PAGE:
As a teacher, you spend several hours a day in the classroom with possibly hundreds of students. Without effective classroom management and a positive learning environment, you’ll find it difficult to motivate students to behave well and study, and their academic performance will inevitably take a hit. So how do you manage a classroom successfully, and what exactly is classroom management?
The basics: what is (effective) classroom management?
Classroom management refers to the strategies you as the teacher use to organize your classroom, deliver course content, manage student success, monitor student behavior, and create an overall positive learning environment. Effective classroom management is the foundation for effective student learning and here are some tips to get you started.
3 tips to create an effective learning environment
1. Set clear expectations
When you organize your classroom effectively, your students know what their responsibilities are and what you expect of them. It also gives students a structured daily routine for your class (eg., starting class with a warm-up period and then transition to lecturing) and helps them manage their learning better.
Consistent expectations are especially effective when dealing with students who like to test the limits of your patience or want to break the boundaries you’ve set. A poorly managed classroom lacks expectations and creates an ineffective learning environment rife with behavioral issues, inattention, and chaos.
Be persistent in setting up both your classroom rules and expectations, and you’ll maintain a good learning environment in the classroom where both you and your students are happy.
2. Focus on positive reinforcement
Learning cannot flourish in a mismanaged classroom environment. If you spend more time in class correcting students for their misbehavior than you do on enforcing effective strategies, you’ll negatively impact other students’ academic performance by wasting valuable class time.
Consider this: students who misbehave tend to crave attention. When you react to negative behavior, you are reinforcing a student’s desire for attention — and their misbehavior becomes a means to that end. So instead of issuing commands like “Stop doing that” and trying to correct your students’ behavior, consider taking other approaches.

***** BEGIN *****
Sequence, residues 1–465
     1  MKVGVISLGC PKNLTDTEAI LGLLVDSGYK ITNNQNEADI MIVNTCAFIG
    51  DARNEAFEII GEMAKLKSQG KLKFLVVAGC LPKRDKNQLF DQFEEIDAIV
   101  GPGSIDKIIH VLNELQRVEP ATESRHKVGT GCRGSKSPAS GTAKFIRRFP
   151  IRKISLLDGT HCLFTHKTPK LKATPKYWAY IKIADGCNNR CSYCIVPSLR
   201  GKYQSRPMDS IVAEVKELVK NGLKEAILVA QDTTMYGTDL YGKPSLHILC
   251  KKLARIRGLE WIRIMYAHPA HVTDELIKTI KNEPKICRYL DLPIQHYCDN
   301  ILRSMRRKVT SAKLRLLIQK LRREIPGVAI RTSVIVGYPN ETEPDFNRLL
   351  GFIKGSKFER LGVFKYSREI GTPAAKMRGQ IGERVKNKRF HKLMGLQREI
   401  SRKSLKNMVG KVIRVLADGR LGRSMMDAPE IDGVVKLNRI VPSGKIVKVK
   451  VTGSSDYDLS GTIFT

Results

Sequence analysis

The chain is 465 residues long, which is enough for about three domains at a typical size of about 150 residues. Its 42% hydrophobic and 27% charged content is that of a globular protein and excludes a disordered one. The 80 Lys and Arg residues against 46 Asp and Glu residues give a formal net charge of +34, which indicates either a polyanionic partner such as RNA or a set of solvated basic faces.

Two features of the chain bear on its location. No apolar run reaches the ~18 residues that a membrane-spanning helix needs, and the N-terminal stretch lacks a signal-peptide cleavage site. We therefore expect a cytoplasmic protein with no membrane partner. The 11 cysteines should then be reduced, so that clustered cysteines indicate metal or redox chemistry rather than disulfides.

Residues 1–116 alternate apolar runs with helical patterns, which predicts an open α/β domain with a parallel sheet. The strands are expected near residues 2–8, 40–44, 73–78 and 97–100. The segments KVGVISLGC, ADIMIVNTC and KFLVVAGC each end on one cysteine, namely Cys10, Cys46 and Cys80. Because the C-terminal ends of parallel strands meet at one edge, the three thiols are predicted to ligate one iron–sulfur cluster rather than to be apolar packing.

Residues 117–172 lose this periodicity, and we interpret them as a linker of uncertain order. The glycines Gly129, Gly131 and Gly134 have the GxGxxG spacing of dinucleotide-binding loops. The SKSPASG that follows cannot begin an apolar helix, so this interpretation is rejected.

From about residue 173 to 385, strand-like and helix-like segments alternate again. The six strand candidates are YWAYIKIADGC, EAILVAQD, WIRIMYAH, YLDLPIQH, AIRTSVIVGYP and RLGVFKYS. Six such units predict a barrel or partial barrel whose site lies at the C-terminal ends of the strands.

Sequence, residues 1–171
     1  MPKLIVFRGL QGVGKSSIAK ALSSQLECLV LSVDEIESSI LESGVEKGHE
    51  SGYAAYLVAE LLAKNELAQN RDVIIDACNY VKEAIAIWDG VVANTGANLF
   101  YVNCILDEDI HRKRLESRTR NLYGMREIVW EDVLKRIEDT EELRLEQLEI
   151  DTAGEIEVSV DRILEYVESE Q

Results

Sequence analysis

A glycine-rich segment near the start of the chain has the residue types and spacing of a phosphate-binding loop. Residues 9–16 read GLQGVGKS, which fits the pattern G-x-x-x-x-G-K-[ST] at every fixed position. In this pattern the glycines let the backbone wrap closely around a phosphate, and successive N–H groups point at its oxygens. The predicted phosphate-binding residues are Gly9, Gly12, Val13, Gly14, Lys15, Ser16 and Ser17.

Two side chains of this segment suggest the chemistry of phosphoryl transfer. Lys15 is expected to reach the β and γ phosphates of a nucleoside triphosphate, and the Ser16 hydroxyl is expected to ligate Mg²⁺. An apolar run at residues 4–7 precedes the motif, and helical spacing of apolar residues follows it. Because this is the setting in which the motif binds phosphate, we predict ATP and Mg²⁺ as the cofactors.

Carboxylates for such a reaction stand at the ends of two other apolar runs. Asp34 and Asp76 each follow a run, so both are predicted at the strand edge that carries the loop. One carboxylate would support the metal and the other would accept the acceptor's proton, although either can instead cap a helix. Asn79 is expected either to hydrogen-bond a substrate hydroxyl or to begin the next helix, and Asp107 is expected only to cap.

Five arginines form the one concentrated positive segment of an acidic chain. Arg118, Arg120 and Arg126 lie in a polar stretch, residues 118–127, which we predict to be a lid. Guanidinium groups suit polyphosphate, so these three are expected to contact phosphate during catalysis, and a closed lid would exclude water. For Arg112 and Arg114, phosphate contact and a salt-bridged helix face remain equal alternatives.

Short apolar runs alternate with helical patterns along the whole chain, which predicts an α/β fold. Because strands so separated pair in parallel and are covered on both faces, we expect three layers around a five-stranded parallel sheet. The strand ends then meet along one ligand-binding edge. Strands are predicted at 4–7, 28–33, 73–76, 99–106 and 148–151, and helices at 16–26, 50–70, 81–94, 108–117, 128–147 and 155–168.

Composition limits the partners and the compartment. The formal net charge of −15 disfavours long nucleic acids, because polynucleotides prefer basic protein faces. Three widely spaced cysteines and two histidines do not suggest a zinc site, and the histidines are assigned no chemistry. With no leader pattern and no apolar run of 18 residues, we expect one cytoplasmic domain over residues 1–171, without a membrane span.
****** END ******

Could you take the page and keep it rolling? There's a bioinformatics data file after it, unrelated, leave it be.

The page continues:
For example, you could assign special roles to misbehaving students to keep them busy during your class — this would give them the attention they seek but in a controlled manner. And don’t underestimate the power of compliments — they can go a long way in reinforcing positive behavior! If a student is talking with his peers during an English lecture, for example, then you could say, “John, could you help me with the first passage? You’re great at expressive reading.” This would effectively redirect the student’s attention to the task at hand while also reminding them of their aptitude.
3. Try out different classroom management strategies
Each classroom is different, and not every strategy will work for you. You know your students best, so make sure that whatever strategy you employ aligns well with their learning patterns, preferences, and behavior. Here are some ideas to help you out:
- Consider the actual physical layout of your classroom. For example, you can start by arranging your classroom in a way that allows you to see every student easily and that minimizes the potential for distractions.
- Use varied activities in your lessons. There’s no harm in planning lots of activities for a lecture and then scrapping any that don’t fit into the time frame. Bored students tend to misbehave, even the good ones. On the other hand, engaged students look forward to your class.
- Be authentic and empathic. Students feel more comfortable in class when they know you can relate to and understand them. So instead of always delivering lectures in a standard format that works well for you, consider incorporating educational games into your classroom to show students that learning is fun.
Your best weapon is your smile
Classroom management certainly isn’t easy, but it’s a valuable skill that any teacher can acquire through patience and a willingness to improve their educational experience. In any case, remember to stay positive! When you’re happy, your students are happy.
Photo credit: Laurie Sullivan / Flickr.com